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Corporate art goes public

— January 2014

Associated media

Michael Elmgreen & Ingar Dragset, 
Short Cut (2003) 
Mixed media. 

Ottagono, Vittorio Emanuele Gallery, Milan. 
Photo: Jens Ziehe. Commissioned & prod. by Fondazione Nicola Trussardi.
 Courtesy the artists, Massimo De Carlo Gallery Milan

A book that celebrates the great corporate art collections and programmes of the world will be launched at Bonhams HQ, 101 New Bond Street, on Monday 13 January  2014, followed by a two-week exhibition of selected works from leading collections, continuing until 24 January.

Authors Peter Harris and Shirley Reiff Howarth have set out to document the best corporate art programmes worldwide – the first time this has been attempted. It has taken them some five years to compile the work. If the art they examine were found in one museum, it would be one of the finest in the world.

The exhibition, to be held at Bonhams’ recently opened galleries, runs from 14 to 24 January and features paintings, prints, sculpture, photography and video art from a selection of major companies in Britain, France, Germany, Spain and Scandinavia.

The companies represented are: ABN AMRO Neuflize Vie (France), Canary Wharf, Clifford Chance, Fleming Wyfold Art Foundation (UK), Eon (Germany),Fundacion Telefonica, Fundacion Mapfre (Spain), Hiscox, HSBC (France), Simmons and Simmons, Statoil (Norway).

The exhibition comprises approximately four works from each corporation, with a predominantly modern and contemporary slant. The loans include a René Magritte, a Paul Delvaux, as well as works by Francis Cadell, Tracey Emin, Georg Grosz, Otto Dix, Roberto Matta, Antoni Tapies, Richard Hamilton, Ellis O'Connell and Cornelia Parker.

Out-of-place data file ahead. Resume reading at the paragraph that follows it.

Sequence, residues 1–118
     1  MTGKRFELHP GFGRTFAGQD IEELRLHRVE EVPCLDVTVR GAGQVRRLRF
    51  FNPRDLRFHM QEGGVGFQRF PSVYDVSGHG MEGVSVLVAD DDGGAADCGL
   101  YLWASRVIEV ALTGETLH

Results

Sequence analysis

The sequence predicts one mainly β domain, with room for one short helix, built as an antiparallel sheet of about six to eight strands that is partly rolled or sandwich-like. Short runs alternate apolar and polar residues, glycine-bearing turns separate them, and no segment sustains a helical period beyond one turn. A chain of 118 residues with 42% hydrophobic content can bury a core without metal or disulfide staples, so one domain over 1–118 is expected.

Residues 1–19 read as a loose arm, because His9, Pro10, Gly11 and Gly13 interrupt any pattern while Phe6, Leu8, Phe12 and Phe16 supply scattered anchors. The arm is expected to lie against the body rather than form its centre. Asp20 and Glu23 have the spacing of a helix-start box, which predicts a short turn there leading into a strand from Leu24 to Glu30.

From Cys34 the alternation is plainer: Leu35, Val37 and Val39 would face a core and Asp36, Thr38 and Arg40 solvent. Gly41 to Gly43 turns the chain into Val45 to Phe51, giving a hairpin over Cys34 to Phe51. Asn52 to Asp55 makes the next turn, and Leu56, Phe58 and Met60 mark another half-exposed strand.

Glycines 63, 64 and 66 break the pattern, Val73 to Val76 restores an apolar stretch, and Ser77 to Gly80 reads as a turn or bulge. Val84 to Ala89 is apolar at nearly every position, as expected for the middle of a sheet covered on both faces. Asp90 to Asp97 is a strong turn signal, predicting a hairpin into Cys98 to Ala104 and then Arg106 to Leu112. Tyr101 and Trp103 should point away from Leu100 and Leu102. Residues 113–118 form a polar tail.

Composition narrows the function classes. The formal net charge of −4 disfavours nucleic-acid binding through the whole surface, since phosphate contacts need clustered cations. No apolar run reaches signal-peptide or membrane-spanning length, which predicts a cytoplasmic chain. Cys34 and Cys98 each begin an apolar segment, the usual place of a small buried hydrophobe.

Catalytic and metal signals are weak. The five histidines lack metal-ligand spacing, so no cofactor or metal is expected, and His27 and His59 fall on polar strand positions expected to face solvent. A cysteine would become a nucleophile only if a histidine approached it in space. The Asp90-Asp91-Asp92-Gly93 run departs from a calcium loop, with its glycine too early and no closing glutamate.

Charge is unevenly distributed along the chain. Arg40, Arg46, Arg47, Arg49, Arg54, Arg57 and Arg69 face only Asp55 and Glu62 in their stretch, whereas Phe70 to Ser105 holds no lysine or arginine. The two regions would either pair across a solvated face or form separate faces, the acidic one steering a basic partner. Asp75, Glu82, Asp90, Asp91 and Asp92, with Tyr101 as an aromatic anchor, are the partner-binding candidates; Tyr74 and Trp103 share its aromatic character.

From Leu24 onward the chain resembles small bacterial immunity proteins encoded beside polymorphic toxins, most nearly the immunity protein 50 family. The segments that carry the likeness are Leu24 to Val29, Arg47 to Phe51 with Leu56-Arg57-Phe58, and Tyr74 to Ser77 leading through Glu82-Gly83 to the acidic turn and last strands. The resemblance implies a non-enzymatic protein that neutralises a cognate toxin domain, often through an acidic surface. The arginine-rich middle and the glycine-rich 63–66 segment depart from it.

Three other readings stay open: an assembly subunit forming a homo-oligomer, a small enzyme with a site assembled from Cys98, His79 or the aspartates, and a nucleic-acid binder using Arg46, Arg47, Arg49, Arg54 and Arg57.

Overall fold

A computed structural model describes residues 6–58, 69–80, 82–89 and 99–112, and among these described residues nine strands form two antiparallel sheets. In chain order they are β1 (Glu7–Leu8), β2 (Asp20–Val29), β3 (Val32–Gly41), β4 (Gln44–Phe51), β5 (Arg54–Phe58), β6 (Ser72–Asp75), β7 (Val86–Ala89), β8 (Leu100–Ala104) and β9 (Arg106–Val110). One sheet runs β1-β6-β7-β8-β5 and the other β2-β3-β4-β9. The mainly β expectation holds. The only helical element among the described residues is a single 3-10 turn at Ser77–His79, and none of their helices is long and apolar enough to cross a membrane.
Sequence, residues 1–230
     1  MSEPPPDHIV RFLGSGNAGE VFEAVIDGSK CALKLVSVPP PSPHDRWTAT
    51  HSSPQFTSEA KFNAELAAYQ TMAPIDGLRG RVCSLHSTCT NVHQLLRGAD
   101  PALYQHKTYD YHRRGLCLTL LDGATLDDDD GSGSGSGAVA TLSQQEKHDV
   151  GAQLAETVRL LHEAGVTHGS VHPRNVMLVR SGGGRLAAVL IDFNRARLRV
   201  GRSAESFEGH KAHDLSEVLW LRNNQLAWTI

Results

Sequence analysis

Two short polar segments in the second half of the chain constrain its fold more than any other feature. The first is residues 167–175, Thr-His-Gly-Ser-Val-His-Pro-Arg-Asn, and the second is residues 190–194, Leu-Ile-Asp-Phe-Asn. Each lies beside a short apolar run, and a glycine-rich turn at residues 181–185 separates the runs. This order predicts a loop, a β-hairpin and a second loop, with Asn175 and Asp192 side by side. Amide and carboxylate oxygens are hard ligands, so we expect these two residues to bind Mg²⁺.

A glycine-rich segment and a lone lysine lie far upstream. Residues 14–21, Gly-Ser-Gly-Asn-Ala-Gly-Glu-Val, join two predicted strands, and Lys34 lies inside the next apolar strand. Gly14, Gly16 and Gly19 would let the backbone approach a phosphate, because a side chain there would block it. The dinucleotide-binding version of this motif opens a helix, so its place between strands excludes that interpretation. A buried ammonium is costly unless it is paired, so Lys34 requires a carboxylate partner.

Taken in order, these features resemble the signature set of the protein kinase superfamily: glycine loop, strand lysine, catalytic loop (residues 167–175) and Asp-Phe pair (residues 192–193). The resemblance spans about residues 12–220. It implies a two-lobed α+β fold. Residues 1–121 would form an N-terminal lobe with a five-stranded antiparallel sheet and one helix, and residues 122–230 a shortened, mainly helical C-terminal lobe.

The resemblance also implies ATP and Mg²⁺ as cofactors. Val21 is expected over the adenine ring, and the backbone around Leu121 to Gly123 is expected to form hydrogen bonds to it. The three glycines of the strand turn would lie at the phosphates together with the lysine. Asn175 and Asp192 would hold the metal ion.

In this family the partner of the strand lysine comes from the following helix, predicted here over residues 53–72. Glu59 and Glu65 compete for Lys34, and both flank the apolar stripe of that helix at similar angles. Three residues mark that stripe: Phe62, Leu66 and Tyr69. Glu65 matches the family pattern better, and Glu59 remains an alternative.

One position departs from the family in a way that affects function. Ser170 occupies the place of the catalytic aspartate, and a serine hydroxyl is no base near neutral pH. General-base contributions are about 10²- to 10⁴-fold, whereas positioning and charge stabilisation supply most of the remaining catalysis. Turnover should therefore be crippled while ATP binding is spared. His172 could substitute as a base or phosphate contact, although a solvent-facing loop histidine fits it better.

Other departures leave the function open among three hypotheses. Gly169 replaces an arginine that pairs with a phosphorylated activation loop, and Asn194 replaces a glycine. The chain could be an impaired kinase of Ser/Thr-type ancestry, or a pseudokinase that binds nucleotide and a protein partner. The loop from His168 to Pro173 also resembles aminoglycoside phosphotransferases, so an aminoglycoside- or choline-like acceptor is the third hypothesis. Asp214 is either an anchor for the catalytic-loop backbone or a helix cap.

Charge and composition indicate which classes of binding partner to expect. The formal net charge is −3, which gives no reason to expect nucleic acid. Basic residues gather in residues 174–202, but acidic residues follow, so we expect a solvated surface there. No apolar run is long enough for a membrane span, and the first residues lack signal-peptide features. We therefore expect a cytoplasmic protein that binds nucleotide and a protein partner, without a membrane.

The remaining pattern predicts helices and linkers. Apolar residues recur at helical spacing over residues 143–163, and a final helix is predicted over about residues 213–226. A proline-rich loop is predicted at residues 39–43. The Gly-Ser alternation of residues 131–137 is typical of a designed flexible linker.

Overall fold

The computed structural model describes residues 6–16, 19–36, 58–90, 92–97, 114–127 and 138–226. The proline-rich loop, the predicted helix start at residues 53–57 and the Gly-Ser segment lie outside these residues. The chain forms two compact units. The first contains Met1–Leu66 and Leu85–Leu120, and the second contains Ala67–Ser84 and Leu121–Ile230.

It is thought that the first corporate collection was formed during the Renaissance in 1472 by the Monte dei Paschi bank in Siena, a collection that survives, and thrives, to this day. By the mid 1990s half of the Fortune 500 companies and another 2,000 companies in the US and Europe were actively collecting art. Estimated to be worth billions, some of the many treasures to be found in this fascinating book have been seen by the public on loan to variety of museums in traveling exhibitions, but others have never been seen before.

The authors note that reasons for corporate art collecting are many and various and while investing time and funds into an art programme can be seen to be outside the range of a company's core business activity there are tangible benefits to them – to use business jargon, corporate art is a 'win-win-win' activity:

The company wins because art in the workplace can boost staff morale and creativity. Art helps a company project it's corporate identity in a memorable way, and the acquisition of high quality artwork establishes a company as a progressive organization -with a dynamic approach to business. The Community wins – both locally and nationally – because it has a local champion endorsing the cultural life of a region.
 The artists win, because they attract commercial patronage and thus establish greater exposure and new audiences for their work.

For more on corporate art collections, see Jenny Kingsley’s article, ‘21st-century Medici’ in Cassone, February 2013.

A new book on Cornelia Parker will be reviewed in February's Cassone.

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